Introducing our exciting new partnership with Ayna Ayna Beauty! We are thrilled to offer discounted rates and can't wait to share her inspiring journey as a beauty entrepreneur with you. Keep reading to learn more!
1: What inspired you to open 'Ayna Ayna Beauty'? Tell us about your journey as a female
business owner in the beauty industry… What makes you unique from other beauty salons?
When I moved to Istanbul, I couldn't help but notice a glaring gap in the market. There was a
dearth of beauty establishments that prioritised self-care as a lifestyle choice, rather than a
mere utilitarian service. Furthermore, there seemed to be a serious lack of English-speaking
salons, even in the most affluent neighbourhoods of Istanbul. It was disappointing to see that my
desire for a full spa pedicure was met with nothing more than a sloshy bucket of water, blunt
tools, and little knowledge about hand and foot care. I knew that I had to fill this void and provide
a truly indulgent and rejuvenating experience to those who craved it- myself included!
2: You are based in Istanbul, Turkey - are you originally from there? Tell us about your life/ when
did you become an expat?
I was born in Istanbul, but when I was six years old, my mother and I immigrated to Florida.
Growing up, I spent time between the two countries, always feeling like an expat or a native
depending on the situation. I moved to Budapest to pursue a Master’s degree. That’s where I
came into contact with the Russian methodology of doing nails.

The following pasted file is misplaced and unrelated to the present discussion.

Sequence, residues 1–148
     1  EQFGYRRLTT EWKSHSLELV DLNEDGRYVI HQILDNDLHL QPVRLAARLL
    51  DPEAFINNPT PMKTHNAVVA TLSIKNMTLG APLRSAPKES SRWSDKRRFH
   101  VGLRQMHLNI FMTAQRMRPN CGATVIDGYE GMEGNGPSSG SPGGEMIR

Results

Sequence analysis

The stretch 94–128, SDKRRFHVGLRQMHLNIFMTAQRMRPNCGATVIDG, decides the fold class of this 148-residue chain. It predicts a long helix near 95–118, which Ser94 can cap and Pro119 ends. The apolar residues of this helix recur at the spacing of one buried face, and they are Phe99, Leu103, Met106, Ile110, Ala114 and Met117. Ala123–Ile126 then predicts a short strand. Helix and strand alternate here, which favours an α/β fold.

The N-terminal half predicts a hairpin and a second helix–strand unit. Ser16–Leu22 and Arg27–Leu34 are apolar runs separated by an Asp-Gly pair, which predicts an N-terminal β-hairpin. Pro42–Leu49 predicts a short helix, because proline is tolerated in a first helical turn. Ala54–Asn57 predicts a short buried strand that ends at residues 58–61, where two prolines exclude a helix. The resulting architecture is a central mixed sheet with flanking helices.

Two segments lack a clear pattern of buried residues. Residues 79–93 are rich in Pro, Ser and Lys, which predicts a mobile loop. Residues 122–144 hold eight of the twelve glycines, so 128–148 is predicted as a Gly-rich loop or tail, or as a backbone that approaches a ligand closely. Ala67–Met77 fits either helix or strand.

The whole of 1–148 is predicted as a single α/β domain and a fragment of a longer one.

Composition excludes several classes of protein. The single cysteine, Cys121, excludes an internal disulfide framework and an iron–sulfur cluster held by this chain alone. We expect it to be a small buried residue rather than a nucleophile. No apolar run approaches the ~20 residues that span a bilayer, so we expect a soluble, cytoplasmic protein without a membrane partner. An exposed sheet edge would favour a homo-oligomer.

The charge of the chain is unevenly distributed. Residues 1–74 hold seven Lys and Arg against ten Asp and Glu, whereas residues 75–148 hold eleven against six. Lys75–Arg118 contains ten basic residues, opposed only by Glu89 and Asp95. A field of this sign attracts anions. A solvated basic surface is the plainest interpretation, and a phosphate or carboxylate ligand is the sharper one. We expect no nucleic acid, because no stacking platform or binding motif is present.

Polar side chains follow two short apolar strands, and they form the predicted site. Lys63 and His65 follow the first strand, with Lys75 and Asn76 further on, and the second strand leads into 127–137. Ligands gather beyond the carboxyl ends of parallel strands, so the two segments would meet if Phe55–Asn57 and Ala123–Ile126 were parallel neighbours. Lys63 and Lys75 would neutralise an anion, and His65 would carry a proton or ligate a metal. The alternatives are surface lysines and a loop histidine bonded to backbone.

After my Masters, I was visiting my mother in Istanbul when I was offered a teaching job that
came with a salary that was too good to turn down. I loved teaching, but I found it too corporate,
and unfortunately, the women in my industry were… not supportive of each other.
It was during this time that I met my husband, and together, we decided to pool our resources
together to open a salon. That was three years ago, and since then, the salon has weathered a
pandemic and we are now navigating a national financial crisis. As a business owner, it's been
challenging, but I remain determined to find a way forward and continue offering our clients the
best possible service and products.
3: As someone who works in the beauty industry what would you say are the biggest ‘beauty trends’
It definitely depends on your lifestyle. Women who physically show-up for work are really into
permanent makeup because it saves them time in the morning and it saves them from hauling
makeup inside their bags. They also prefer gel manicures and shorter nails.
Women who don’t work at all prefer gel extensions and services that have lesser time between each
appointment, like G5 massages or lash extensions.
Lash lifts are popular with everyone.
4: What advice do you have for women who may be looking for facial rejuvenation but don’t
want to go under the knife…?
The medical tourism has definitely gotten very popular in Turkey. For that reason, prices for
enhancements and reconstructive surgery are aimed at foreigners. For expats who are settled
and earning the local currency, it may be difficult to set aside funds for beauty treatments.
A customised facial with skincare expert and a 'Dermapen' treatment will give you a great glow
and you are only required to do it once a month!
5: What would you say is the best massage for healing and relaxation? Is massage good for
Any massage that you come to with a quiet mind is a great massage. If you cannot achieve this,
it’s best to visualise your own body and focus on the physical sensations.
For female expat women and female digital nomads, what beauty advice would you give...
When scoping out beauty salons, what should you look for/what should you avoid?